• Insider tip – Photos on a resume create immediate liability for a recruiter. Any time I receive a resume with a photo I send it back to the candidate and request they remove the photo and re-apply. As an applicant you have immediately told me your race, gender and approximate age, this is a problem. I am very clear that one’s appearance is irrelevant to the qualifications for that particular role. CYA all day!
  • Objective – DANGER ZONE – People love to write objectives at the very top of their resume. Often they shoot themselves in their own foot before they even get out of the gate. Here are some common mistakes that could be potential discrimination targets:
    • Years of experience –With over XX years of experience, I am seeking…” BOOM, the recruiter or manager now knows about how old you are.
    • Stay At Home Mom – “I am seeking an opportunity that will allow me to jump back into the professional world after taking the last 10 years off to raise my kids to school age.”  No one needs to know you have children. This is a hot topic for many. There is a famous talk show host here in Atlanta, Neal Boortz, that often stated that if he could, he would not hire any woman with young children because they always need time off. Trust me people, this happens so be careful what you offer up!
  • Affiliations and Organizations
    • Racial Specific Groups: “Coalition of Black Engineers”, “Asian-American Association of Software Developers”, National Association of Hispanic Educators”, etc. You have now just identified your race. Again, you have no idea who is reading your resume, don’t give them more information than is necessary.
    • Religious Specific Groups: “National Association of Christian Athletes”, “Jewish Community of Political Leaders”, etc.
    • Volunteer Work: “Intake Volunteer at Planned Parenthood”, “Youth Leader at Sample Baptist Church”, “Campaign Volunteer for Ronald Reagan”, “Quit Smoking Hotline Representative Volunteer”, etc.
    • PLEASE NOTE: I am very aware that many of these types of organizations are steeped in great tradition, identity and prestige. Any individual should be very proud that they participated or held office and it is understandable the desire to share that. The reality though is it is an identifier and not everyone sees from the same perspective.
  • Hobbies
    • Marathon/Triathlons – True story. I have had on more than one occasion hiring managers tell me that they didn’t want anyone big in either of these because it takes too much time to train for them. Based on what they shared with me there reservations came from honest places, due to experience, and they were jaded. I couldn’t discriminate but the managers quietly, without my direct knowledge, did (at least that is my hunch).
    • Long Lists – When a person provides a dozen or more hobbies this could lead someone to believe that a job simply will get in your way. Yep that is judging, but it happens; right, wrong or indifferent.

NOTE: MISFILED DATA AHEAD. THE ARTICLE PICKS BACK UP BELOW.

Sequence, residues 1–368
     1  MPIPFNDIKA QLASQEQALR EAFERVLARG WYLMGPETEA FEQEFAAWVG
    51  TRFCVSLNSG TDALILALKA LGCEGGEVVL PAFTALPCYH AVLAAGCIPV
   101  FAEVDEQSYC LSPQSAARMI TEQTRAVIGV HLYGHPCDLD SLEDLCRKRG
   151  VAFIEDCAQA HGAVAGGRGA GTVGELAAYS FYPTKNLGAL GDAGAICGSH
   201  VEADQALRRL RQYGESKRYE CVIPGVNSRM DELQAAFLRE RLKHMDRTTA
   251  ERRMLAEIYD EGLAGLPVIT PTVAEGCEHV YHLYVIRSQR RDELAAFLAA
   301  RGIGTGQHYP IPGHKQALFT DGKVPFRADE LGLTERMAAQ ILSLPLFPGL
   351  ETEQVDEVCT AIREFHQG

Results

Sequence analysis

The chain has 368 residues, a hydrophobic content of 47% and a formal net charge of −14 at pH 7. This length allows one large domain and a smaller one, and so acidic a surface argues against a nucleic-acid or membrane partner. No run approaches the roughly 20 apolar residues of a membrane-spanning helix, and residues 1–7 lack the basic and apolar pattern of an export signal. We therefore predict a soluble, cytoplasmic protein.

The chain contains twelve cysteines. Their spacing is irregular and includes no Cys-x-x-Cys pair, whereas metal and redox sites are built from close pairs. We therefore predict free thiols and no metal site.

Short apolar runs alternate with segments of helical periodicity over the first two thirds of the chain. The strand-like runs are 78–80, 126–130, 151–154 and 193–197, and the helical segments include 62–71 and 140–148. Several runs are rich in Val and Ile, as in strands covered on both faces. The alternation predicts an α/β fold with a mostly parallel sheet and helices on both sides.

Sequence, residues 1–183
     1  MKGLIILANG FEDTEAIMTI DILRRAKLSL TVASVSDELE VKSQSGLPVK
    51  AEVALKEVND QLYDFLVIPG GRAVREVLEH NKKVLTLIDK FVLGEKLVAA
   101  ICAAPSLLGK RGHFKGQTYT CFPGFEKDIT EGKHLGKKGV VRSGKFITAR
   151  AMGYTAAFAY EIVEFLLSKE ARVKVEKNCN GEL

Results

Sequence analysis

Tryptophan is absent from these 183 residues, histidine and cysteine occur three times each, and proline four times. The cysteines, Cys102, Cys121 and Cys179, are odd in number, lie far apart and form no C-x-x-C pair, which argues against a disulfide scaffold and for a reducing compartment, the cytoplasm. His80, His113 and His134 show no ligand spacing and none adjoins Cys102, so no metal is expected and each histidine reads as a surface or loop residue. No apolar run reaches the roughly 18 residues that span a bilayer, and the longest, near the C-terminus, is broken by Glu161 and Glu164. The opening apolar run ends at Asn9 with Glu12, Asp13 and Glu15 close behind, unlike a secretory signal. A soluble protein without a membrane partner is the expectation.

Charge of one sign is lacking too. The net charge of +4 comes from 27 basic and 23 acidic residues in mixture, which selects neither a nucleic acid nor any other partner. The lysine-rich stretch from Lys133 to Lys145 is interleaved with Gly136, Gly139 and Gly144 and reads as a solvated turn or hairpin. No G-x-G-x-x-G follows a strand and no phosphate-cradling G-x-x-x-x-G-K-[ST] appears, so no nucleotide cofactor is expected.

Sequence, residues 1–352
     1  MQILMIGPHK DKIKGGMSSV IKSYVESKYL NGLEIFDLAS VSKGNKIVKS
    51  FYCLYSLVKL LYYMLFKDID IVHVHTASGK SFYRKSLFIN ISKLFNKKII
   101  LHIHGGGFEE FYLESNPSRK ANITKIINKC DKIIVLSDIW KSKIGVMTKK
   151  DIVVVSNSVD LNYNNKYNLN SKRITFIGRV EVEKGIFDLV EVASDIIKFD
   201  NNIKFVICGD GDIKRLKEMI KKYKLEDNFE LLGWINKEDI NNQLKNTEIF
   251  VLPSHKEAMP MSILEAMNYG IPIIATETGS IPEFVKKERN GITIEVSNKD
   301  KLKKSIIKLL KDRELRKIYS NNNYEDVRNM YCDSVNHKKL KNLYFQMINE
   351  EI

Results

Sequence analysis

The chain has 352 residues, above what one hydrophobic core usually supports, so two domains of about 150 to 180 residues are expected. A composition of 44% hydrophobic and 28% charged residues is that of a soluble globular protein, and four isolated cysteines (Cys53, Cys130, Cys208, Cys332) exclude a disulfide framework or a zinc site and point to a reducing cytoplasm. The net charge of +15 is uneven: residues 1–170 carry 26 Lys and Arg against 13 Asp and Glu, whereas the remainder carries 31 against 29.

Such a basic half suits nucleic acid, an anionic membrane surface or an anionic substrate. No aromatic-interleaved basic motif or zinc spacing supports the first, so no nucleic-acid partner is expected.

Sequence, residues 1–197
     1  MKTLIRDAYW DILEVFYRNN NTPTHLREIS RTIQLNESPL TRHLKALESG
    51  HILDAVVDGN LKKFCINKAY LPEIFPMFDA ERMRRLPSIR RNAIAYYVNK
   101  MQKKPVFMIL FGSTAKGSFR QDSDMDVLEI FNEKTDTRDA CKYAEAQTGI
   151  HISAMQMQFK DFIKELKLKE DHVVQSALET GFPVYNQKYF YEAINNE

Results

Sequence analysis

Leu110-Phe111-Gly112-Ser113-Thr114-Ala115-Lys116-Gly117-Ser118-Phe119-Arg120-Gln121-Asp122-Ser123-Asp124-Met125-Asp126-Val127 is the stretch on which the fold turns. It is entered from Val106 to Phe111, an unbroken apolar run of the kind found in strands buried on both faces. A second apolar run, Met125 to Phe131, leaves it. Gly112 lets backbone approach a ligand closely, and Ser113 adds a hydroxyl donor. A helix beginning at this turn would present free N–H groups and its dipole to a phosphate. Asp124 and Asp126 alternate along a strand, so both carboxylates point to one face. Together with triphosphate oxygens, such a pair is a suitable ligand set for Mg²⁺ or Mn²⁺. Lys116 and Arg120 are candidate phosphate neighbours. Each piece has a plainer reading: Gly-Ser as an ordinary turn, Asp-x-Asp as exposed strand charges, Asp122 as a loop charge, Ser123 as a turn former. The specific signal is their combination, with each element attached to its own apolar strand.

• Coaching/Teaching  – This can immediately inform a potential employer that you have kids and that you have a dedicated time you must be somewhere several nights per week. Your resume doesn’t tell this recruiter or manager that you only coach on Saturday mornings or the piano lessons you teach can be moved to any day or time.

What may be true for you a this moment is what I often find true for my participants during my classes. You may be feeling the need to defend every bullet in these lists.

Maybe you are thinking: 

  • My age should be an asset
  • My religion should show my commitment and honesty
  • My race can offer diversity
  • My experience running a household is transferable (which it really is)
  • The fact I have kids show I need to work and I will be loyal
  • My marathon running shows I am driven and healthy

I get it, trust me, I get it. The goal is to try to lessen the amount of discrimination that you may endure (knowingly or unknowingly) when someone reviews your resume. There is no magic bullet to this, people are still people. Some recruiters feel the pressure of their managers who are so adamant that a woman can’t lift those boxes, that they find themselves subconsciously screening female resumes out. The reality is that you do not know who is going to pick up your resume first and what their perspective is. One person will see you as the tenured, well-experienced fifty year old and others will think you are past your prime. Some may think you have too much going on, with the kids and all, to really take your job seriously yet the single mom recruiter will view you as the best possible person for the team because you have a reason to come in to work each day.

These tips and techniques are simply provided to be one more tool in your job search tool belt. Ensure that the information you are offering about yourself is relevant to the role, the level of the role and possibly even take the company’s industry into consideration. The goal is to strike enough interest to get to the big show, “the interview”. Your resume is your golden ticket and hopefully considering some of these strategies it can cause yours to shine a bit brighter than the rest.

2 thoughts on “How To Discriminate-Proof Your Resume